Marianne C. Kastrup

Marianne C. Kastrup, MD, PhD
Executive Member, WPA-TPS

I grew up in a family believing in the UN Human Rights Declaration, and the first book I recall being read to me was the UN children’s book. As I grew up, pen pals from various parts of the world colored my views of my safe middle-class upbringing in one of the world’s most ethnically homogenous and peaceful societies; Denmark.

I was told growing up that all human beings were alike in dignity and rights. As a medical student I joined Amnesty International and worked for the charity movement, Abbe Pierre, to raise money for developmental projects. I joined Nobel Peace Prize winner Pater Pire’s Peace University in Belgium and had wonderful social interactions with students from all over the world.

The feminist movement and political activities in the Social Democratic Party have been important parts of my life, and in medicine it was the community aspects that primarily interested me.

I was attracted to psychiatry for several reasons. One was an interest in women’s issues. Another was a wish to increase the dignity and human rights of the mentally ill. My mentor, Dr Annalise Dupont, the Director of the Danish psychiatric case register, gave me ample opportunity as a junior female doctor and paved my way into international psychiatry, along with Professor Erik Strömgren, who took me to WHO, where I participated in one of the WHO IPSS meetings.

The cosmopolitan atmosphere at the WHO meeting influenced my career. Professionally and personally these were very formative years, enabling me to develop international professional networks, as well as friendships. I am now a member of the WHO Expert Advisory Panel on Mental Health.

On the personal level, I had become the partner of an Indian scientist who settled as a professor in Denmark and taught me more about culture than anyone else. Close contact with his family in India opened my eyes to a culture and way of life that has been dear to me ever since.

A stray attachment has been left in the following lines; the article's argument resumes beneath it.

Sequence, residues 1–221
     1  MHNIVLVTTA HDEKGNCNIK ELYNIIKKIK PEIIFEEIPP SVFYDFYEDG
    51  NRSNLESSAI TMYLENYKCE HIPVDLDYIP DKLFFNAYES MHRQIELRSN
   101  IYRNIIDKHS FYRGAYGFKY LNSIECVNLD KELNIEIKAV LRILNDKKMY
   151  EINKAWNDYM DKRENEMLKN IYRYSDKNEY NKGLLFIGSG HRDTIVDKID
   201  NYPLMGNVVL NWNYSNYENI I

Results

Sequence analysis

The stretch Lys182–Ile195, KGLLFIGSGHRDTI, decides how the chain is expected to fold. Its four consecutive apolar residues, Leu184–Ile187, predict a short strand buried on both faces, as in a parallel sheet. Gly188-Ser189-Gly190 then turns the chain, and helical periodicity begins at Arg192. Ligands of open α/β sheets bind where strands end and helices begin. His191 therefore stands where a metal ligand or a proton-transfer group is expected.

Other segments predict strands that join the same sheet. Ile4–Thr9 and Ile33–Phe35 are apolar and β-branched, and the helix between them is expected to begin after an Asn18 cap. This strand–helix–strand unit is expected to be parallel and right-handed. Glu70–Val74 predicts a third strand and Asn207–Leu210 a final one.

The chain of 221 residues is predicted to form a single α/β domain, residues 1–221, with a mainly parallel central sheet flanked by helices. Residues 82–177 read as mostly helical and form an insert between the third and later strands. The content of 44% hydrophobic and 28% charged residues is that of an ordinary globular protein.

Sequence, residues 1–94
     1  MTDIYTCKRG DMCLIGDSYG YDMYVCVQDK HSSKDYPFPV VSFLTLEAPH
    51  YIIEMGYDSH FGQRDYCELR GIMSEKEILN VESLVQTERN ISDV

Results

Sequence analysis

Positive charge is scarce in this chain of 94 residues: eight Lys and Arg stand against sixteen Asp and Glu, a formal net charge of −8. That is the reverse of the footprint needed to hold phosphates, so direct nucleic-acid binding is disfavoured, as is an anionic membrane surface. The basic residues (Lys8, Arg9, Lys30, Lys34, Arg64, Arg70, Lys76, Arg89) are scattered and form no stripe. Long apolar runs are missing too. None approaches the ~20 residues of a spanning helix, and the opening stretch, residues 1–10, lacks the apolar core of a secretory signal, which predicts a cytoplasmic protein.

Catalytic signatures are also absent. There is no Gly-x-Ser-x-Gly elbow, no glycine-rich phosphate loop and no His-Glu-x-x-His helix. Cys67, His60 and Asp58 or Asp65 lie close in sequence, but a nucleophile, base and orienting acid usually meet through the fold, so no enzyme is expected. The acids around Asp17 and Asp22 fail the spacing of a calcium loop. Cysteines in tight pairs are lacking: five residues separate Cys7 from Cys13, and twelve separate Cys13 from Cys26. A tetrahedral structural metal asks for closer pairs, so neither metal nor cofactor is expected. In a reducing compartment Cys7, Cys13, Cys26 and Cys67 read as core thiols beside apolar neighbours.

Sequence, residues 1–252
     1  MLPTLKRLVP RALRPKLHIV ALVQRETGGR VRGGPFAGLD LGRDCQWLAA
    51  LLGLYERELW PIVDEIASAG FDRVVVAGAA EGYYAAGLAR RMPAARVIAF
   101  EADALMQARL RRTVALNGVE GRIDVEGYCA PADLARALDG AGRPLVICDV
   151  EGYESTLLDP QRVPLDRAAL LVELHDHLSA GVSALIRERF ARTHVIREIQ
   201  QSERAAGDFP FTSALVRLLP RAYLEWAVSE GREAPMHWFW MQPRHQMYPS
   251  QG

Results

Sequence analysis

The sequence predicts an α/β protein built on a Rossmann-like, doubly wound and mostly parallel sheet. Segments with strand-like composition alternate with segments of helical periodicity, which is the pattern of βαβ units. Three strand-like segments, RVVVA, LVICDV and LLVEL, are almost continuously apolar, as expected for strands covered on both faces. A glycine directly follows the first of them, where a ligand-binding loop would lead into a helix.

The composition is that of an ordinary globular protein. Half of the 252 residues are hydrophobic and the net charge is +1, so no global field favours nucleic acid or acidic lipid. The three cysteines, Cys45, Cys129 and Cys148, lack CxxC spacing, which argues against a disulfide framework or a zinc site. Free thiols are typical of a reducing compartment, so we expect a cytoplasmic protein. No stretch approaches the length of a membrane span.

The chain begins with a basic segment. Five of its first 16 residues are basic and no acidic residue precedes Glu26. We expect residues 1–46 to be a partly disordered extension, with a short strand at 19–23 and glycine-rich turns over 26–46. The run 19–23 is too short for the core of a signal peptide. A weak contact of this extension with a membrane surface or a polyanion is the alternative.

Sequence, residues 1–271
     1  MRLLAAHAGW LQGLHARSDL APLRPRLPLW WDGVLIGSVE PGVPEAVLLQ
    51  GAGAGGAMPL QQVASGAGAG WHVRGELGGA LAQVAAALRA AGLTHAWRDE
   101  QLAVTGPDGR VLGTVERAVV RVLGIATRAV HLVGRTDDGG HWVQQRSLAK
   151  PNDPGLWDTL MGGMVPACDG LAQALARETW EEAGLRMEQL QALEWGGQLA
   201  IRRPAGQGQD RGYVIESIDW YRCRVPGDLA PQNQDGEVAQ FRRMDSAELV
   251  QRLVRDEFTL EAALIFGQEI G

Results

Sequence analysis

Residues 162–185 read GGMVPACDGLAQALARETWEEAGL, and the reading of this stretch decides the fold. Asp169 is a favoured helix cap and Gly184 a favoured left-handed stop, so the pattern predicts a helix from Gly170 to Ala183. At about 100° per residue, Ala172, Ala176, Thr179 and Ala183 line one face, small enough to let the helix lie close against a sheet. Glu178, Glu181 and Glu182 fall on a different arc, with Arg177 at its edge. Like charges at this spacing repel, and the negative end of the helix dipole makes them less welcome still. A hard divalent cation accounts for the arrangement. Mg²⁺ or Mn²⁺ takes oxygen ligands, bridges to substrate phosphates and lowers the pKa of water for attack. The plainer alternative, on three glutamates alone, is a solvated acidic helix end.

My psychiatric career was centered around Copenhagen, but with interests that had an international flavor. Via Amnesty International I got in contact with Dr Inge Genefke, the founder of the work in Denmark with torture survivors. I was a volunteer examiner of asylum seekers, and had from its very start, close contact with the Rehabilitation and Research Center for Torture Victims.

As a member of the Danish Medical Association Ethics Committee, the human rights agenda further led to the establishment of interdisciplinary educational activities in Eastern Europe, with a focus on professional ethics and the rights of patients.

And I have been lucky that the European Council’s Committee for the Prevention of Inhuman, Cruel and Degrading Treatment and Punishment has used me as an expert on a number of missions visiting prisons and psychiatric facilities around Europe, focusing on patients’ rights and access to care.

From the beginning of my psychiatric career I have been active in international organizations and found it a challenge to be part of multicultural groups working for a common goal. I was fortunate enough to be elected in 1996 to the Executive Committee of the World Psychiatric Association, where I chaired the Standing Committee Reviewing the Abuse of Psychiatry and received cases from many parts of the world.

Almost at the same time I decided to leave my position as Head of the Department of Psychiatry of Copenhagen University and become the Medical Director of the Danish Rehabilitation and Research Center for Torture Victims, with projects helping traumatized people in a number of countries.

After the reorganization of the Center I decided in 2001 to return to psychiatry and became Head of the newly established National Center for Transcultural Psychiatry at the Department of Psychiatry, Rigshospitalet, Copenhagen; with the aim to set cultural aspects on the psychiatric agenda.

Cultural issues are central in my work in the establishment of a Nordic Transcultural Network of Psychiatrists and Psychologists, as well as with my membership of the WPA Transcultural Section and now the WACP also.

I welcome the inauguration of WACP and look forward to fruitful collaboration with colleagues around the globe who share the same interests.

October 5, 2006